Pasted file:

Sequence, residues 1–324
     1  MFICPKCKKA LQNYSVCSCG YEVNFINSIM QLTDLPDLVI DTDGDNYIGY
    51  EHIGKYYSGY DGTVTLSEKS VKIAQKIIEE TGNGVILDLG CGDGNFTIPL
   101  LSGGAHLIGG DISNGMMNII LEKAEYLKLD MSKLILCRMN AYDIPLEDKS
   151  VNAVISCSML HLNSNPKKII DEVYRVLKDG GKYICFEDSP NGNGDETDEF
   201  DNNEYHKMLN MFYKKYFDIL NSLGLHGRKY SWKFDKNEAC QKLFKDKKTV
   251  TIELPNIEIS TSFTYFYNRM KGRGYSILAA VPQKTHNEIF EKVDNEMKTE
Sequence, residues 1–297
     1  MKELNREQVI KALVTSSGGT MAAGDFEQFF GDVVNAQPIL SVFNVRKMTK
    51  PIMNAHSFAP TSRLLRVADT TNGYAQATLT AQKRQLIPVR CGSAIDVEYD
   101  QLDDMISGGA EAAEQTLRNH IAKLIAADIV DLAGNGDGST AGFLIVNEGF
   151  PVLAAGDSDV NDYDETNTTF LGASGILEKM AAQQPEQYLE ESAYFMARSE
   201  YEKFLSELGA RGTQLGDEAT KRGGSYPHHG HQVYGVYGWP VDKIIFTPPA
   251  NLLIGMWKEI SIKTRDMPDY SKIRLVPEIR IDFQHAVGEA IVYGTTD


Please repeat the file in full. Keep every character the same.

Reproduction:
Sequence, residues 1–324
     1  MFICPKCKKA LQNYSVCSCG YEVNFINSIM QLTDLPDLVI DTDGDNYIGY
    51  EHIGKYYSGY DGTVTLSEKS VKIAQKIIEE TGNGVILDLG CGDGNFTIPL
   101  LSGGAHLIGG DISNGMMNII LEKAEYLKLD MSKLILCRMN AYDIPLEDKS
   151  VNAVISCSML HLNSNPKKII DEVYRVLKDG GKYICFEDSP NGNGDETDEF
   201  DNNEYHKMLN MFYKKYFDIL NSLGLHGRKY SWKFDKNEAC QKLFKDKKTV
   251  TIELPNIEIS TSFTYFYNRM KGRGYSILAA VPQKTHNEIF EKVDNEMKTE
Sequence, residues 1–297
     1  MKELNREQVI KALVTSSGGT MAAGDFEQFF GDVVNAQPIL SVFNVRKMTK
    51  PIMNAHSFAP TSRLLRVADT TNGYAQATLT AQKRQLIPVR CGSAIDVEYD
   101  QLDDMISGGA EAAEQTLRNH IAKLIAADIV DLAGNGDGST AGFLIVNEGF
   151  PVLAAGDSDV NDYDETNTTF LGASGILEKM AAQQPEQYLE ESAYFMARSE
   201  YEKFLSELGA RGTQLGDEAT KRGGSYPHHG HQVYGVYGWP VDKIIFTPPA
   251  NLLIGMWKEI SIKTRDMPDY SKIRLVPEIR IDFQHAVGEA IVYGTTD